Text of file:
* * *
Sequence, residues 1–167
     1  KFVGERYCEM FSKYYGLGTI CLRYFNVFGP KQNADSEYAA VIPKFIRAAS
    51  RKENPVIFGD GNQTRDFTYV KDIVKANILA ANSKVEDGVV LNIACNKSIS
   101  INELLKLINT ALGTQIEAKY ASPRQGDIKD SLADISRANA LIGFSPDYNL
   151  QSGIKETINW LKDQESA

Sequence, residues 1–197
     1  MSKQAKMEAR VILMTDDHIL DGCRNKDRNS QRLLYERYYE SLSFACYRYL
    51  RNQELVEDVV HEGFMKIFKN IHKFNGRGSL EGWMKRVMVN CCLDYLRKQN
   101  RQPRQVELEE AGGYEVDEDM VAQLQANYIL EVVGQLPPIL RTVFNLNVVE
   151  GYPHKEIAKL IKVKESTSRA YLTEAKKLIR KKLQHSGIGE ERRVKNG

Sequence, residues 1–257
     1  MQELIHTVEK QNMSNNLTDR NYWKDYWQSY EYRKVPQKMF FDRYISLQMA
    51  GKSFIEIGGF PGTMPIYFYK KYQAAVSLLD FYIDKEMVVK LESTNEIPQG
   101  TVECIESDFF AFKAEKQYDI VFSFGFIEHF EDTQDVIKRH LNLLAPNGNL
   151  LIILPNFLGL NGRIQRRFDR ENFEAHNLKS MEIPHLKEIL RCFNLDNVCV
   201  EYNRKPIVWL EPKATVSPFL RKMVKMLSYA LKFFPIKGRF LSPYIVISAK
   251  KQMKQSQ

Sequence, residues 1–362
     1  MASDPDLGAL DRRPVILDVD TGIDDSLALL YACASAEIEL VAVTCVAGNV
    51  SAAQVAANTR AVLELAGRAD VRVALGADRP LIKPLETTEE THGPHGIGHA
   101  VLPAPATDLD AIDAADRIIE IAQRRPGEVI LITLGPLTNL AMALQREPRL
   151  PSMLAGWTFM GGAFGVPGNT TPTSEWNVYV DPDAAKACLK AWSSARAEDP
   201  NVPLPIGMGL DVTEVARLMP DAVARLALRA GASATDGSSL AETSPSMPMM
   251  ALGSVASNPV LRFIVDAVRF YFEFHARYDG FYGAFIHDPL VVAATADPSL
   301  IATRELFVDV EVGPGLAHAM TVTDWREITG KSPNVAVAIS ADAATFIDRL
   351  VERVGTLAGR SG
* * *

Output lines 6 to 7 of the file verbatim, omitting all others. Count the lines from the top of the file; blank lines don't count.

Sequence, residues 1–197
     1  MSKQAKMEAR VILMTDDHIL DGCRNKDRNS QRLLYERYYE SLSFACYRYL